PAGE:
Commonwealth v. Batts, 45 MAP 2016

Citation163 A.3d 410
Decision Date26 June 2017
Docket NumberNo. 45 MAP 2016,45 MAP 2016
Parties COMMONWEALTH of Pennsylvania, Appellee v. Qu'eed BATTS, Appellant
CourtUnited States State Supreme Court of Pennsylvania

163 A.3d 410

COMMONWEALTH of Pennsylvania, Appellee
Qu'eed BATTS, Appellant

No. 45 MAP 2016

Supreme Court of Pennsylvania.

ARGUED: December 7, 2016
DECIDED: June 26, 2017

Hugh J. Burns Jr., Esq., Terence Patrick Houck, Esq., Rebecca J. Kulik, Esq., John Michael Morganelli, Esq., for Commonwealth of Pennsylvania, Appellee.

Bradley Steven Bridge, Esq., Philip D. Lauer, Esq., Lauer & Sletvold, P.C., Marsha Levick, Esq. Juvenile Law Center, Alexander Owen Ward, Esq., Lauer & Fulmer, for Qu'Eed Batts, Appellant.

Sara A. Austin, Esq., Austin Law Firm, L.L.C., David R. Fine, Esq., James C. Sargent Jr., Esq., Lamb McErlane, PC, Thomas G. Wilkinson Jr., Esq., Cozen O'Connor, for Pennsylvania Bar Association, Amicus Curiae.

Peter David Goldberger, Esq., Law Office of Peter Goldberger, for Pennsylvania Association of Criminal Defense Lawyers, Amicus Curiae.

Richard Walter Long, Esq., Pennsylvania District Attorneys Association, for Pennsylvania District Attorney's Association, Amicus Curiae.

Kathryn Elizabeth Rimpfel, Esq., Baker & McKenzie, L.L.P., for Children's Advocacy Network and Youth Sentencing and Reentry Project, Amicus Curiae.

Angela C. Vigil, Esq., for Children's Advocacy Network and Youth Sentencing and Reentry Project, Amicus Curiae.




Qu'eed Batts ("Batts") was convicted of a first-degree murder that he committed when he was fourteen years old. His case returns for the second time on discretionary review for this Court to determine whether the sentencing court imposed an illegal sentence when it resentenced him to life in prison without the possibility of parole. After careful review, we conclude, based on the findings made by the sentencing court and the evidence upon which it relied, that the sentence is illegal in light of Miller v. Alabama , 567 U.S. 460, 132 S.Ct. 2455, 183 L.Ed.2d 407 (2012) (holding that a mandatory sentence of life in prison without the possibility of parole, imposed upon a juvenile without consideration of the defendant's age and the attendant characteristics of youth, is prohibited under the Eighth Amendment to the United States Constitution), and Montgomery v. Louisiana , ––– U.S. ––––, 136 S.Ct. 718, 193 L.Ed.2d 599 (2016) (holding that the Miller decision announced a new substantive rule of constitutional law that applies retroactively and clarifying the limited circumstances in which a life-without-parole sentence is permissible for a crime committed when the defendant was a juvenile).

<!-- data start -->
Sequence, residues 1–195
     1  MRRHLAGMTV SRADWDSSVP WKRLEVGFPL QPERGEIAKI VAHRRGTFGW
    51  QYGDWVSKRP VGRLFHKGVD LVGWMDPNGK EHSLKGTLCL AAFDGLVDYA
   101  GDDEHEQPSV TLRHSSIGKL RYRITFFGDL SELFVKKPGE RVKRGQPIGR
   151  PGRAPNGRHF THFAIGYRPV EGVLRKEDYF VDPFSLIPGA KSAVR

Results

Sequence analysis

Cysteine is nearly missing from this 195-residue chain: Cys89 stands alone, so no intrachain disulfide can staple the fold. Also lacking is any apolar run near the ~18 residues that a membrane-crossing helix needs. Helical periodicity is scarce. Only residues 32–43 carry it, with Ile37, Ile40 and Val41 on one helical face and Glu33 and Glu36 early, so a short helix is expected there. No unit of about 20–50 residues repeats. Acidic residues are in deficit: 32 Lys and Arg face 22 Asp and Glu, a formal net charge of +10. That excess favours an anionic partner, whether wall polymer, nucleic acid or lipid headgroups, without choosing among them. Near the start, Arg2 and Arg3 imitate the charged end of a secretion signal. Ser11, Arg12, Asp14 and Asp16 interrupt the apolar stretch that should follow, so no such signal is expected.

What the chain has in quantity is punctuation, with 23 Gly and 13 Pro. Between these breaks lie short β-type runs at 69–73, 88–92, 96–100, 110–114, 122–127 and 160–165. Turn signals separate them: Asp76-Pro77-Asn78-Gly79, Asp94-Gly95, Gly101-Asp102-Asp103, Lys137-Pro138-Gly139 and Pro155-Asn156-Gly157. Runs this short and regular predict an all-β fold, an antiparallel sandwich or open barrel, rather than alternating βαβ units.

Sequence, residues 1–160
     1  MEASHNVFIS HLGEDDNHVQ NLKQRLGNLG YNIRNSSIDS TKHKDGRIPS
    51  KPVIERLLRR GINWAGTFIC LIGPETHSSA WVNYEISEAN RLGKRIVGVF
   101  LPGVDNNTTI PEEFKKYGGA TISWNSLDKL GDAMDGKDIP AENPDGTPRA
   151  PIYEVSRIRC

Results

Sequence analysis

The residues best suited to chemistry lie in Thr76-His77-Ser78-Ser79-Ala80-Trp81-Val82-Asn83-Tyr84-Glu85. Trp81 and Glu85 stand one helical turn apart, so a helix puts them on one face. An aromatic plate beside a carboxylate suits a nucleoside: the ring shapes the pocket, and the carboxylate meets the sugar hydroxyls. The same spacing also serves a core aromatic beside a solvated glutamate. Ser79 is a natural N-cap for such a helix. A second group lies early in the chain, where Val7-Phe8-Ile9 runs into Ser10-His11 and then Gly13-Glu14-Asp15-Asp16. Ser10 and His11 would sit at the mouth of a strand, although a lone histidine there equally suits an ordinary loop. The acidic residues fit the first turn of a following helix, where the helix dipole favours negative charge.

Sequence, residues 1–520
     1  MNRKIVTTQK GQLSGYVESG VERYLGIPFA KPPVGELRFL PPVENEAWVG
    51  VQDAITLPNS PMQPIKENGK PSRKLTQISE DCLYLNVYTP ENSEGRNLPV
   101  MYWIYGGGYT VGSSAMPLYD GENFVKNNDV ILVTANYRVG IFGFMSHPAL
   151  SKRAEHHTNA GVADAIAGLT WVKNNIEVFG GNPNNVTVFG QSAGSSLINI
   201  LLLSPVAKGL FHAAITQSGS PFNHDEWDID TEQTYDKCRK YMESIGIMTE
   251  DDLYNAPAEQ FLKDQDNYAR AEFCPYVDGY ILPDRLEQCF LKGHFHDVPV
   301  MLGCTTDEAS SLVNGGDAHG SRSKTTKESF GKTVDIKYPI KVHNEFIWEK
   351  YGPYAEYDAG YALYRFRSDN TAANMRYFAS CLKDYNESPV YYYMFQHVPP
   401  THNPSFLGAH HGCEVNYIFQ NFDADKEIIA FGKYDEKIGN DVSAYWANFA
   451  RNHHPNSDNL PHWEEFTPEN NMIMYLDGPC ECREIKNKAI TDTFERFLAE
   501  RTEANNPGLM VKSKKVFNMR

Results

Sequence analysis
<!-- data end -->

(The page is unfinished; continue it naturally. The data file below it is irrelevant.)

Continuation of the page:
Pursuant to our grant of allowance of appeal, we further conclude that to effectuate the mandate of Miller and Montgomery , procedural safeguards are required to ensure that life-without-parole sentences

163 A.3d 416

are meted out only to "the rarest of juvenile offenders" whose crimes reflect "permanent incorrigibility," "irreparable corruption" and "irretrievable depravity," as required by Miller and Montgomery. Thus, as fully developed in this Opinion, we recognize a presumption against the imposition of a sentence of life without parole for a juvenile offender. To rebut the presumption, the Commonwealth bears the burden of proving, beyond a reasonable doubt, that the juvenile offender is incapable of rehabilitation.

I. Facts

Although this Court generally does not provide an exhaustive recitation of an offender's history prior to the commission of the crime, as we explain in greater detail later in this Opinion, Miller requires the sentencing court to consider the details of a juvenile offender's background when determining if he or she is eligible for a sentence of life without parole. As such, we provide a lengthy account of Batts' life preceding his commission of the murder, based largely on the findings of fact made by the resentencing court that are supported by the record.

Batts was born prematurely on April 18, 1991 to a thirteen-year-old mother and seventeen-year-old father. A victim of his mother's neglect, Batts was shuffled around the foster care system from ages five through twelve. During that timeframe, he lived in eleven homes (as well as a homeless shelter for youth) located in nine cities and two states, and transferred schools eleven times (although there were stretches of several months that, because of his transiency, Batts did not attend school at all). He was exposed to physical violence by foster parents, subjected to physical violence by his peers, and on one occasion, was victimized sexually by an older cousin. At age eleven, while in the homeless shelter, he lost his virginity to a thirteen-year-old female resident. He frequently got into fights at school because children would tease him about his circumstances. Through it all, however, Batts performed well academically and excelled in several sports.